Next, I used PowerPoint to create the page I wanted to frame. The transportation ABCs are free printables from Nap-Time Creations. (This design is also available as a fabric, and is exactly what I want for the curtain in D's reading nook...if only I knew how to sew).

I played around with both a blue border and a blue border. Blue won, but here's the red.

The frame itself was a bit tricky to undo. Fortunately, I'm married to someone who grew up working in his dad's photography shop. He knew just what to do.

We had to adjust the page slightly.

Then the tools came out to put the frame back together.

And voila! A personalized dry erase board for my boy.

We've started working on memorizing Bible verses at Sunday School, so I decided to use the frame for the monthly verse. Since it will be hung in the bathroom, he will see it several times a day.

I couldn't have matched the yellow any better if I tried to do so.

Took me a few days, but I finally got it hung up.

Twice as nice.

It didn't take D long to notice something new in the bathroom.

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Homemade Non-Dairy Ice Cream Without an Ice Cream Maker

Our son has been dairy free for a little over a month now. Since his allergy was diagnosed, we've learned a lot about dairy substitutes, and since I make most meals from scratch at home, the transition has been much easier than it could be for our little former Dairy King. Before we learned that he was allergic to dairy, his favorite foods were cheese, milk, yogurt and ice cream. Cow's milk was easy to replace with almond milk. We found almond and coconut yogurt at Earth Fare. We've cut way down on cheese, but use Daiya shreds for pizza and a few other of this favorite meals. We did buy a 1/2 pint of non-dairy ice cream, but yowsa, is it pricey. Since ice cream is a "sometimes" food and not an every day food for D, I starting looking for an ice cream recipe we could make at home. The trick was to find a recipe that didn't require an ice cream maker because the Kitchen Aid fairy hasn't delivered the ice cream maker attachment quite yet.

Thanks to Pinterest, I found several versions of this very easy, very simple "ice-cream-in-a-bag" recipe

You'll need:
  • 1 cup almond milk (or coconut milk)
  • 1 tsp vanilla extract (or almond extract)
  • 2 T. sugar
  • 1/2 cup rock salt (the kind you'd use to de-ice your sidewalk. The recipe called for ice cream salt, but we couldn't find any in the three stores we checked. Kosher salt might also work, but my research suggested rock salt due to the larger granules).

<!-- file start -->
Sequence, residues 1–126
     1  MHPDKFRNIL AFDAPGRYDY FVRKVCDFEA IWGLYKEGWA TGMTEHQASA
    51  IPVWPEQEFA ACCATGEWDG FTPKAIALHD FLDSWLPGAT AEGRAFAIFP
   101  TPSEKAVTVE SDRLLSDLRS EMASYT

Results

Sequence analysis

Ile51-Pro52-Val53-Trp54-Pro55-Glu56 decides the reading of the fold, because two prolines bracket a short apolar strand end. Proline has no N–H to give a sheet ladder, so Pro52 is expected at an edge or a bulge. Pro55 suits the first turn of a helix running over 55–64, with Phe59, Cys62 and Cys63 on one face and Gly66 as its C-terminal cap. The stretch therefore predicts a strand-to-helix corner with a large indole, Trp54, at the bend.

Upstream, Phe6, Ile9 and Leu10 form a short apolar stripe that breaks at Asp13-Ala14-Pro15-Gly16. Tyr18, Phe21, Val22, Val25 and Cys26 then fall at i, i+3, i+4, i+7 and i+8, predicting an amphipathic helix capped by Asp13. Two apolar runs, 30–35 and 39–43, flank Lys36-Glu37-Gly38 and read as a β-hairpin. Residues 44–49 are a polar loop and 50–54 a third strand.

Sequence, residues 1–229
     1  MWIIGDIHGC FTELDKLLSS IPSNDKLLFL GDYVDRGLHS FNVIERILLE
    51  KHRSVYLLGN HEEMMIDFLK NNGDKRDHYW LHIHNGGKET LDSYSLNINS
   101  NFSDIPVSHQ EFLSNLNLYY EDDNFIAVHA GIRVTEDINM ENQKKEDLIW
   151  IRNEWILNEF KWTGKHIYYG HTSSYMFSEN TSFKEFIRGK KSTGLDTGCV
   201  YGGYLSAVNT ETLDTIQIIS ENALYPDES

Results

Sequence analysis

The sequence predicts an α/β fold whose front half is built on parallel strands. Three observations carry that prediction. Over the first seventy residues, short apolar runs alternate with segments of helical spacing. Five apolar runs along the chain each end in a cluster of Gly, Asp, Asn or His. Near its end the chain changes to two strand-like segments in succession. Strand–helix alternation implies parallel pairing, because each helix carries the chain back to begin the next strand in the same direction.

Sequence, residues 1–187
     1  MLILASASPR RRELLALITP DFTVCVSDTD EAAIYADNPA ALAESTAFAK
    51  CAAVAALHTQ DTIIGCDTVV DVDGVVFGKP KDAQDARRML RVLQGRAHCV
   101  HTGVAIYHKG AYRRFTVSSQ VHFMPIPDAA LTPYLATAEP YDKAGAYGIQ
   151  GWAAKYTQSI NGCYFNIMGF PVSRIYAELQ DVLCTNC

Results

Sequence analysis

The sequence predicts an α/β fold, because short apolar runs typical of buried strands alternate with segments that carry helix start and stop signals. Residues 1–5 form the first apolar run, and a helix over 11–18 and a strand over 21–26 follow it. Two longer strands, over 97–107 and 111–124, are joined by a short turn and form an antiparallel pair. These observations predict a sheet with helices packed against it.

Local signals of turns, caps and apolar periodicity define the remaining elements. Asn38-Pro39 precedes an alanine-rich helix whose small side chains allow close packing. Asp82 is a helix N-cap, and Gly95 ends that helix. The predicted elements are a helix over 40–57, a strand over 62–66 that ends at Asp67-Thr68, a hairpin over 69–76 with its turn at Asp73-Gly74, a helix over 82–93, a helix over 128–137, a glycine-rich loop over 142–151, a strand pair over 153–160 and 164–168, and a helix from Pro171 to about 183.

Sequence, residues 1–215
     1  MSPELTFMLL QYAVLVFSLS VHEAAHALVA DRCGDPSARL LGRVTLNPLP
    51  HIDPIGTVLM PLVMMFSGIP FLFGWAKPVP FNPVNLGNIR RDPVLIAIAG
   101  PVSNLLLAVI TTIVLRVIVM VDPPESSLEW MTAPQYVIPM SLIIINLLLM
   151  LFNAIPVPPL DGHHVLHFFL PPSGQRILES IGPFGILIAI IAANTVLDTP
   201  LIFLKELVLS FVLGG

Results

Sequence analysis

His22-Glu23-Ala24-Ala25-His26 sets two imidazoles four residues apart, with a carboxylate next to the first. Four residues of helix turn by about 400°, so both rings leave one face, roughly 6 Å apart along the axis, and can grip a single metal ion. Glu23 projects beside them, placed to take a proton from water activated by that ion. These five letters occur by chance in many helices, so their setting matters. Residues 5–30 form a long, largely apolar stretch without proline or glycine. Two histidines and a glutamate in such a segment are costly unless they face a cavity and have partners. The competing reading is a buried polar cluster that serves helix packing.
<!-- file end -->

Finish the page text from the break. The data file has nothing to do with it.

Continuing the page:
• enough ice to fill a gallon size Ziploc bag half full.
  • 1 gallon size Ziploc bag
  • 1 quart size Ziploc bag.
  • chopped strawberries for strawberry ice cream
  • carob chips, peppermint extract and crushed mint for mint chocolate (carob) chip ice cream

Step 1: Put the rock salt in the gallon size bag. So easy, a pre-schooler can do it. 

Step 2: Add ice until the bag is more than 1/2 full.

Step 3: Add the milk to the smaller bag. This is a little trickier, especially if you forget to grab a funnel.

Step 4: Add the vanilla. (As a side note: I made my own vanilla almost a month ago and it's almost ready. Can't wait to try this again with my vanilla.

Step 5: Add the sugar.

Step 6: Put the small bag inside the large bag. Make sure that both are sealed tightly!

Step 7: Here's the fun part...and how you can justify eating the ice cream. Shake the bags vigorously until the liquid turns solid. It took us about eight minutes. This is a great game for a three-year-old. If you don't have help, you may want to wear mittens or wrap the bag in a dish towel.

Step 8: Remove the ice cream from the large bag.

Step 9: Add your toppings to make your own flavor. Or enjoy the vanilla. It's pretty good on it's own, too.
D wanted fresh strawberry.
Niels and I enjoyed our Breyer's Mint Chocolate Chip knock off.
 Step 10: Enjoy!

The nice thing about this recipe was the built-in portion control. I think D would have eaten all three of our shares if we had let him. It melts quickly, so enjoy right away.